If you are developing a product, build in user choice. Why would you do it differently?
This is what works for us.
We communicate in inches to the client. We engineer and build in mm's.
Most everything we do is frameless with full overlay doors. We order drawer boxes, drawer fronts, and doors with 0.1mm accuracy. We had to search a bit to find suppliers who would give us that accuracy and NOT round to the nearest whatever. Rounding errors on frameless can be a nightmare.
The good news is that there are some very good U.S. suppliers that do this quite well. Note: just taking the order in metric, then converting it by rounding, is not the same as producing it in metric. You may need to query the supplier's actual processes past the sales staff sometimes to be sure. Some sales team members have a clue; some do not.
We use Blum hardware; that mandates a 32mm system. No, 32mm is not "an inch and a quarter and then a little bit."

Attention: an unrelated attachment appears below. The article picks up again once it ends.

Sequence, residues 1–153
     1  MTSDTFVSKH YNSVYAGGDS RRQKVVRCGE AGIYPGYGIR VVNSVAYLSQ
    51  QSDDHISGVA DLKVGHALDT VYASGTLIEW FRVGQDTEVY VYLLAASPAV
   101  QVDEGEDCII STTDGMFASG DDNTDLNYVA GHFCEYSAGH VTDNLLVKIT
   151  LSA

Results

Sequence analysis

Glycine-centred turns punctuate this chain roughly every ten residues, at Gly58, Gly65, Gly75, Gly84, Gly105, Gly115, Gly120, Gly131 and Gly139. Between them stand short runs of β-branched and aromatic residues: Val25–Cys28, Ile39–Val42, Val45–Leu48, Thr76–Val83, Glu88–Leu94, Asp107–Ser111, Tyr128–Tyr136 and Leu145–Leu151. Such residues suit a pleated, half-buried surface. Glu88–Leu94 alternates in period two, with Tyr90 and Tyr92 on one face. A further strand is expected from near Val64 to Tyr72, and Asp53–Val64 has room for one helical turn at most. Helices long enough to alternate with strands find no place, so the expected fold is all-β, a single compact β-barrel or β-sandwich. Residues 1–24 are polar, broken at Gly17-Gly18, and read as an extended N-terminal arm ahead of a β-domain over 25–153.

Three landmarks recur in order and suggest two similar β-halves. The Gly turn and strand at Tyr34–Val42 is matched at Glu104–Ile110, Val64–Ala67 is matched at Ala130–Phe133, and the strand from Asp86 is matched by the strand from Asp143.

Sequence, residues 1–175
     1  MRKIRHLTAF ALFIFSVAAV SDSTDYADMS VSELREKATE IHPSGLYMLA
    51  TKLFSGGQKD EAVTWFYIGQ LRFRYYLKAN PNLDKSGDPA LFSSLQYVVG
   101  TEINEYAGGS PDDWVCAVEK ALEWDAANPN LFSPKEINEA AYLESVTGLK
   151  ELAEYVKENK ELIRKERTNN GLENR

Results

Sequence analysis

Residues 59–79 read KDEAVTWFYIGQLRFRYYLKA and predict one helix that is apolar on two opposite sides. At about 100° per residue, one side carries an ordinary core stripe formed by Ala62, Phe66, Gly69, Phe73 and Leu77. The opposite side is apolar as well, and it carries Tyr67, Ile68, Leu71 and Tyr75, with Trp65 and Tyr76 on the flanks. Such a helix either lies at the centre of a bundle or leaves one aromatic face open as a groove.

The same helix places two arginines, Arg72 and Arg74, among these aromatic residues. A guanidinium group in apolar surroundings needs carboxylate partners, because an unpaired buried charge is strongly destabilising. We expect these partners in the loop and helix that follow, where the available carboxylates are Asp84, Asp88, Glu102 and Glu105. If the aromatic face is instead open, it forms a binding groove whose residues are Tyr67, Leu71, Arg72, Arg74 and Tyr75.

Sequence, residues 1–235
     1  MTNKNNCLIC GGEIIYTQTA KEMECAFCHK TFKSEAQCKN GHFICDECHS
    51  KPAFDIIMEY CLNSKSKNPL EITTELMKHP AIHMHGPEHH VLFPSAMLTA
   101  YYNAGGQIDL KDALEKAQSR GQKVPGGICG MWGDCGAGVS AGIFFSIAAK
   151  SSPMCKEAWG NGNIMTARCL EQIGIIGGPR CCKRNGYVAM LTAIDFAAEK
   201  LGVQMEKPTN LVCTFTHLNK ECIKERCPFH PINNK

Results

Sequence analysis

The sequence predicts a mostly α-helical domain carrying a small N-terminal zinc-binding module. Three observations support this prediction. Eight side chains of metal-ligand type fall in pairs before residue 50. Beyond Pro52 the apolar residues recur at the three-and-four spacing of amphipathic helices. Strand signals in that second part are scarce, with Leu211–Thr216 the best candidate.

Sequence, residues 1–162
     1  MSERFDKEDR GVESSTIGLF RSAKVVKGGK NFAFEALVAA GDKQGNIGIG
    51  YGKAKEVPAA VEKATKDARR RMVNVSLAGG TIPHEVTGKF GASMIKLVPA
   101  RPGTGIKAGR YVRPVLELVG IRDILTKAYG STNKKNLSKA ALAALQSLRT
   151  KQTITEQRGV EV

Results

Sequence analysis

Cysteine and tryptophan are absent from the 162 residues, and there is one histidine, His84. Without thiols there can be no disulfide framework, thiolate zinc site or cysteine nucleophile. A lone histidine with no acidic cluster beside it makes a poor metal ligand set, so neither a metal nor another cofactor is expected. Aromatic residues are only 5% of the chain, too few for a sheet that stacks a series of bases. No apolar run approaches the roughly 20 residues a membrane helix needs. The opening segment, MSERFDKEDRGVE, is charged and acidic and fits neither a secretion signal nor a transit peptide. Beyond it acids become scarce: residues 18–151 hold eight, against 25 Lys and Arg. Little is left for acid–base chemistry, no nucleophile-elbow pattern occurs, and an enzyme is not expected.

We do use CNC equipment for sheet processing. The CNC doesn't care which system is being used. It doesn't have feelings. We mostly use combination Imperial/Metric tape measures (FastCAP has these) or sometimes metric only tapes. Our table saw has a combination Imperial/Metric tape on it.
One inch is 25.4mm EXACTLY. Once you start rounding you are headed down a path to a potential disaster when all of the finished cabinets don't fit together on installation day. Do it right the first time.
And, as David stated, "Metric is SOOO much easier." If your staff can make change from a dollar, then they can be taught the metric system. In fact, they already understand the basic math. With metric, there are no concepts like numerators and common denominators. Be accurate. Avoid math errors. Embrace a simpler system.
Just my $0.02. :-)
I agree with you that building in customer choice is the way to go. What I am trying to ascertain is how much choice is important. If the imperial dimension guys only parse to 1/16 inch level of detail then displaying information in 32nds is redundant and unnecessarily hard on the head. If you want to integrate iPads or other mobile devices into your workflow extra calculations increase processing time as this creates more packets of information that have to be uploaded to the server and re-drawn on the device.